Interviews

Buzz Aldrin: From spaceman to Axe pitchman

In his newest book, Mission to Mars, Buzz Aldrin outlines his vision for exploring the Red Planet. He writes that “Mars has been flown by, orbited, smacked into, radar examined, and rocketed onto, as well as bounced upon, rolled over, shoveled, drilled into, baked and even blasted. Still to come: Mars being stepped on.” 

DISCOVER staff writer Breanna Draxler spoke with Aldrin about Mars colonization and the moonwalker’s new role as a spokesman for the Axe Apollo fragrance.

Why should we go to Mars?

I believe it’s sort of a destiny of humanity to move outward and not turn around and come back. 

What is your motivation for making it a permanent settlement?

We may find the Earth uninhabitable for varieties of reasons in the future — some of our own making and some of asteroidal impact.

How do you justify sending people to colonize another planet instead of cleaning up the one we’re already on?

We can continue to sweep the streets here and allow China, Russia, India and Japan to reap the benefits of advanced technology, along with economic growth and superiority over a nation that is sitting back and trying to live on past achievements. [But] it’s the American spirit, to “go west young man.” And now it’s to “go outward, young people, middle-aged people and old guys.” 

Buzz-Aldrin-today
Buzz-Aldrin-today
Rebecca Hale/National Geographic Society

What are the practical advantages of living on Mars versus Earth?

There are just tremendous opportunities for science, to discover what the early solar system was like, whereas on Earth, the wind and the oceans have pretty much washed away most of the evidence. Most important, however, is the progress of technology, of expanding life beyond what we have here on Earth. It is a challenge to humanity.

Do you agree with Axe Apollo’s tagline, “Nothing beats an astronaut”? 

My divorce became final at the end of December, and I’m finding that single life does attract a number of people. (Chuckles.) You get the idea?

Want to hear more? Check out the extended audio version of Breanna's conversation with Buzz below. 

Simon-Pegg
Simon-Pegg
Sarah Dunn/Paramount Pictures
Simon (Pegg) Says: Beam Me Up, Please

Before he joined the crew of the U.S.S. Enterprise as the beloved chief engineer Montgomery Scott in 2009’s Star Trek and its sequel, Star Trek Into Darkness (in theaters May 17), actor and writer Simon Pegg earned a devoted fan base with such quirky hits as Shaun of the Dead and the British series Spaced. A lifelong sci-fi and science fan, his comments about the joys of being a geek have been embraced, reposted and retweeted into perpetual online orbit. Pegg phoned DISCOVER Associate Editor Gemma Tarlach from his home in London to talk about his iconic status.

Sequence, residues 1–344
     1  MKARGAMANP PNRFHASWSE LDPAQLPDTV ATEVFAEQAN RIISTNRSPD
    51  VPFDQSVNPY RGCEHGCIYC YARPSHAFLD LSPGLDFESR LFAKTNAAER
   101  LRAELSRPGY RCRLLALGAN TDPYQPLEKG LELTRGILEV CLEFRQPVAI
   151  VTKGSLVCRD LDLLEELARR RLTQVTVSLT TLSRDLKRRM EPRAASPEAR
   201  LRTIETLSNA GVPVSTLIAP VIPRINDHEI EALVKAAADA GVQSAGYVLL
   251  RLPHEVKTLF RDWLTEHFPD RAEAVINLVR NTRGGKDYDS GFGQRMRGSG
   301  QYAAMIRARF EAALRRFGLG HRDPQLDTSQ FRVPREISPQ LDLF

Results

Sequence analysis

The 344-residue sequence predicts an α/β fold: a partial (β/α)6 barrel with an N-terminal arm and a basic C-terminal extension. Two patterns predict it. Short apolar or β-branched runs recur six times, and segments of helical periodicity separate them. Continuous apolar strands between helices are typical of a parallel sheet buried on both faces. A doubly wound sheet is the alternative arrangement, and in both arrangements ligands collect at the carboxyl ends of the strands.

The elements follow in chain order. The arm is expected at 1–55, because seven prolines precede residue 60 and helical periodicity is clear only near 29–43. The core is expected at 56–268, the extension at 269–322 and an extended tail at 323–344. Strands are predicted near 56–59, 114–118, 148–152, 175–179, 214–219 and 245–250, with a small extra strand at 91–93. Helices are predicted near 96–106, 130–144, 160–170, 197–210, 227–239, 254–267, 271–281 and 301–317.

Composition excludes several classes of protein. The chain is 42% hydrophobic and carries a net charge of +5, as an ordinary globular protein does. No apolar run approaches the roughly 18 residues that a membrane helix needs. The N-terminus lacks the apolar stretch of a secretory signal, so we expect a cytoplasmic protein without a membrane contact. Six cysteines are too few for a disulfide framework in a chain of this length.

A popular meme circulating online attributes to you the quote “Being a geek is all about being honest about what you enjoy...Being a geek is extremely liberating.” Were you surprised those words resonated with so many people?

It’s a peculiar wonder of the modern age that it’s become this big thing. I wasn’t making some MLK speech, standing on the balcony addressing the masses. I was sitting in a dirty little room at the BBC doing a radio program. But I think the person who turned it into a meme should be commended more than me.

How aggressively did you pursue the role of Scotty in Star Trek?

Star Trek just came up. I got a one-line email from J.J. [Abrams, the director]: Do you want to play Scotty? It was that forward. I was almost angry with him. It was like I’d gone on a date and the person had asked to have sex immediately. Wait a minute, I need a meal first.

Why do you love science fiction?

I love the huge potential it presents in terms of the unknown. When I was growing up, I would watch The Clangers on TV. It was very British, with little knitted pink elephants for aliens, but even at age 3 I would close the curtains and watch. It was so tantalizing to think about the vastness of space. I love that there’s so much that’s unknown still, and yet so much we’re discovering. And a lot of time what we discover is that there’s still so much we don’t yet know.